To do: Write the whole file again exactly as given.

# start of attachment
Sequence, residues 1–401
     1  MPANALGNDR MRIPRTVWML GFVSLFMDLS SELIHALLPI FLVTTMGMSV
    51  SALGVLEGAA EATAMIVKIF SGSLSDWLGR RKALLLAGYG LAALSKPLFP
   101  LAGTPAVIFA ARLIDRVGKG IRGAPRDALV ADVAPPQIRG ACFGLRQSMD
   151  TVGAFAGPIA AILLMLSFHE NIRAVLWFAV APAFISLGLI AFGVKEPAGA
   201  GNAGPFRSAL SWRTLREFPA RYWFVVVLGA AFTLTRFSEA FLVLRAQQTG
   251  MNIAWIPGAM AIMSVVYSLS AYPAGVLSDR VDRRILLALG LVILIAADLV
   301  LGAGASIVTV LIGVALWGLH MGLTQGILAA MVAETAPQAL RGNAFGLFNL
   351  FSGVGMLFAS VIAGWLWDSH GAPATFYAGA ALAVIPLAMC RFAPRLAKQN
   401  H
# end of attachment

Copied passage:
Sequence, residues 1–401
     1  MPANALGNDR MRIPRTVWML GFVSLFMDLS SELIHALLPI FLVTTMGMSV
    51  SALGVLEGAA EATAMIVKIF SGSLSDWLGR RKALLLAGYG LAALSKPLFP
   101  LAGTPAVIFA ARLIDRVGKG IRGAPRDALV ADVAPPQIRG ACFGLRQSMD
   151  TVGAFAGPIA AILLMLSFHE NIRAVLWFAV APAFISLGLI AFGVKEPAGA
   201  GNAGPFRSAL SWRTLREFPA RYWFVVVLGA AFTLTRFSEA FLVLRAQQTG
   251  MNIAWIPGAM AIMSVVYSLS AYPAGVLSDR VDRRILLALG LVILIAADLV
   301  LGAGASIVTV LIGVALWGLH MGLTQGILAA MVAETAPQAL RGNAFGLFNL
   351  FSGVGMLFAS VIAGWLWDSH GAPATFYAGA ALAVIPLAMC RFAPRLAKQN
   401  H